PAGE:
Goering was right. If the leaders tell the mob they are being attacked, the mob will unite. The mob, which has no sense, cannot tell if the threat is real or exaggerated. Both the leaders and the mob have to make the threat mortal. Then, once the threat is identified, it has to be scapegoated and destroyed.

The above story exists in the Gospels. The leaders exaggerated the threat of Jesus to the mob, which united and called for his death. He was then scapegoated and sacrificed.

A Mob is always a monstrous self writ large.

These are the elements involved in his death: the Mob, the Leaders, the Exaggerated Danger, the Scapegoat and the Human Sacrifice. None of this is exclusive to his death; it appears in all societies that believe they are under attack.

The Gospels tell us that the leaders of Jesus' time saw him as a threat, one who would bring the Romans to destroy their nation. They incited and united the mob against him by exaggerating his danger to them. He was then turned into a scapegoat and sacrificed.

Actually, there is a sixth archetype involved: the Hero. Ortega y Gasset divided people into two groups: Mass Man, who are essentially self-satisfied sheep, and the Hero, who are the creative minority who advance society. The mythologist Joseph Campbell also wrote often of the Hero, and indeed his most famous book is “The Hero with a Thousand Faces.”

Jesus fit the archetype of the Hero. Unfortunately, the Hero often gets scapegoated and sacrificed, as Prometheus did.

What does all this mean? Heroes are always opposed to the Leaders, as Jesus was opposed to the religious and religious leaders of his time. Heroes cannot trust the Mob, the sheeple. If the Hero does not watch it, he will end up being an Exaggerated Threat, a Scapegoat and a Human Sacrifice, at the hands of the Leaders, to placate the Mob.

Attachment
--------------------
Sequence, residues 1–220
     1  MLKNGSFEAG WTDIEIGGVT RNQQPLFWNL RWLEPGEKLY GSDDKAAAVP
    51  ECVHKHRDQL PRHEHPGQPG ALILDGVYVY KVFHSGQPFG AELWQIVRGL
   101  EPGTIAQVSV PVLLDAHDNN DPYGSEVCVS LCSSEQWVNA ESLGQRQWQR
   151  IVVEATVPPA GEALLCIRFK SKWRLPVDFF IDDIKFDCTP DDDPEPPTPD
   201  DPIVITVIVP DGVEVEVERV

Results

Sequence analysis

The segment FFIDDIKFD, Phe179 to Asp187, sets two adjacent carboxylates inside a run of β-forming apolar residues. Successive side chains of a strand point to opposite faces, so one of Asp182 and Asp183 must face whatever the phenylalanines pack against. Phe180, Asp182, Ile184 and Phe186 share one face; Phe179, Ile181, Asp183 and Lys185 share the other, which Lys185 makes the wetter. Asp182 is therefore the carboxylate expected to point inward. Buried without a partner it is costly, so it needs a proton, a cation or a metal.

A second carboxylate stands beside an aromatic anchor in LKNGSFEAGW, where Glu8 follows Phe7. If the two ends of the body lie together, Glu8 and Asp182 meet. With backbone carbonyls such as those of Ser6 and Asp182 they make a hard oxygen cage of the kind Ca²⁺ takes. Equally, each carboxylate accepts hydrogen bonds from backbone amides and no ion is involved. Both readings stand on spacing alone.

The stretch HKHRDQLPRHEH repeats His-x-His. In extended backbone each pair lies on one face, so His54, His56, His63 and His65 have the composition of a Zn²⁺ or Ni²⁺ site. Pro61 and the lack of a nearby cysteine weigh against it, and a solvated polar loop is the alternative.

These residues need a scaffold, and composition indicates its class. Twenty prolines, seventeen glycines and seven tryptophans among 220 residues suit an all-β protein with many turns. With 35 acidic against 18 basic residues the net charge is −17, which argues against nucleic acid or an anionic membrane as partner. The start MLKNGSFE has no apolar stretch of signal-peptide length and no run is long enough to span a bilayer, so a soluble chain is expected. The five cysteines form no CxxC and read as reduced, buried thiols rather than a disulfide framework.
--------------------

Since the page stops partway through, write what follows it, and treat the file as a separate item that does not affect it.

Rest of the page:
Post-Traumatic School Disorder

I have only one recurring nightmare, which I have about once a year, and have had since I graduated high school.

It is the last day of my senior year, and I suddenly realize there is a required class that I have not been to all year. Unless I take the final and pass it, I will have to go another year, while all my friends are away at college. I will be 18 years old, stuck for another year with a class of 17-year-olds. It gives me the exact same feeling as being a high school senior and being returned to first grade. "You have to repeat everything from first grade to high'll be 30 when you finally graduate high school." It's like being an adult and forced to sit at the kiddie table all you life during Thanksgiving.

Usually, I can't find the class. Space and time are distorted. New hallways appear; when I turn around the ones behind me are gone. I feel like some of Lovecraft's Elder Gods are in charge of the universe, and have especially targeted me for torment. I'm in a panic. The layout of the school is different. I'm disoriented, and spend what feels like hour after strange hour looking for the class. Sometimes I do find it. I don't recognize the teacher or any of the students. They look at me like I have waving antennae sprouting from my head. The test makes no sense. The teacher is usually a pudgy spinster with a faded sack-like dress and cat's-eye glasses. She looks just like Miss Wormwood in the comic strip, “Calvin and Hobbes,” or any of the women in “The Far Side.” The test appears to be Corfu, or worse, math (and I can’t even make out the numbers). I always end up failing and am condemned to another year in high school.